On Aug. 13, 1961, a Sunday, Berlin residents awoke to find a 155-kilometer (96 mile) wall of concrete and barbed wire surrounding West Berlin, part of East German leader Walter Ulbricht's attempt to stop the flow of residents into the non-Communist enclave in his country.
A survey by the Berlin-based firm Infratest noted 19 percent of 1,013 people polled had any idea of the significance of the date. Residents of the former East Germany did their best at identifying the date; 69 percent knew it, compared to 45 percent of those living in the former West Germany.
Commemorations this week were few. Wreaths of flowers were laid at strategic spots along the route of the wall, and the deaths of 136 people who died attempting to scale the 12-feet high double wall were remembered. Shards of the wall became souvenirs after it was razed.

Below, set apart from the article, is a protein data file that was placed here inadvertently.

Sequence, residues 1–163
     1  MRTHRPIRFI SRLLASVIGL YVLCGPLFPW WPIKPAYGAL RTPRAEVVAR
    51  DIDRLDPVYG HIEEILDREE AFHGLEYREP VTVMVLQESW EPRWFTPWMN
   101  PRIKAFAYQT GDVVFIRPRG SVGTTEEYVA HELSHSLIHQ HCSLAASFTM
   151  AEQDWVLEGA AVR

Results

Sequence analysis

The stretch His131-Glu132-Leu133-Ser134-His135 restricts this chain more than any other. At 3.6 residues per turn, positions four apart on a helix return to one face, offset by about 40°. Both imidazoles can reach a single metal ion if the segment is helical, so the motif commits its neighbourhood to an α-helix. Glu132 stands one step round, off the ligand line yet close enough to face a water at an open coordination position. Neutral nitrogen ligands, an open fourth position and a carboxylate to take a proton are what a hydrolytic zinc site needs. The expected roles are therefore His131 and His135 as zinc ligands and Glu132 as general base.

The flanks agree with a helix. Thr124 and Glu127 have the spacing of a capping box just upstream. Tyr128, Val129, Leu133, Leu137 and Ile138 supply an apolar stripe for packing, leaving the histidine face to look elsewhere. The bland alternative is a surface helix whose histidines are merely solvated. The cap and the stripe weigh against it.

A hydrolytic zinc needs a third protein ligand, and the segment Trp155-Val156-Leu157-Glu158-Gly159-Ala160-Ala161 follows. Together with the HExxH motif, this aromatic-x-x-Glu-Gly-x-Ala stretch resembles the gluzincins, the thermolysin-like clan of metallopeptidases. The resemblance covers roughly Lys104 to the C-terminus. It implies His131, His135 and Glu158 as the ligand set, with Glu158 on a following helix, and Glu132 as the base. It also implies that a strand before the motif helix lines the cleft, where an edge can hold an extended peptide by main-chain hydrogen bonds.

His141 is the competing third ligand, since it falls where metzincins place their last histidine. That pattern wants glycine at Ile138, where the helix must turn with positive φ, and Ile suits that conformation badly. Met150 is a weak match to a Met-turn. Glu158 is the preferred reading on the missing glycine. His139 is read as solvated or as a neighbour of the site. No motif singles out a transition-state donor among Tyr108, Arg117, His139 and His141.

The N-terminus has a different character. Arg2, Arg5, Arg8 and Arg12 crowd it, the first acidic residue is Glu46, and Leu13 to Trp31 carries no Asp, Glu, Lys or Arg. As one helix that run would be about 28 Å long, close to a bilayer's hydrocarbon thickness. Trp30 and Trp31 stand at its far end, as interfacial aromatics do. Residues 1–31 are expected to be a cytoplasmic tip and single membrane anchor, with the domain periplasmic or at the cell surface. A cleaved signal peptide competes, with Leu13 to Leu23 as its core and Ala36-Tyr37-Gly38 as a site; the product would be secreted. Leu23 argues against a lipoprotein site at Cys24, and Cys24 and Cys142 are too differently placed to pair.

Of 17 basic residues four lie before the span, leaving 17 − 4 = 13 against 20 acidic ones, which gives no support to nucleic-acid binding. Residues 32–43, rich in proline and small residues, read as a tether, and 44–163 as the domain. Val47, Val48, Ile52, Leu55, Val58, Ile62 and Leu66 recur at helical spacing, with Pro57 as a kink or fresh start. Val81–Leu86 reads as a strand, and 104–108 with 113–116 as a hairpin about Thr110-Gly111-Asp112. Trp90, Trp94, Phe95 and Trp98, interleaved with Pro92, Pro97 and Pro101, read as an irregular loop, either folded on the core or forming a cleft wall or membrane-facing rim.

German newspapers commented on the lack of attention paid to this moment in the country's long and eventful history. Berlin's Tagesspiegel newspaper noted, "The memory of the GDR (German Democratic republic, or East Germany) is being peddled and also reduced to a footnote in our education newspaper. And so we are losing our past."
The day the wall fell, November 9, 1989, is a well-known landmark in German history. Its 25th anniversary is later this year.
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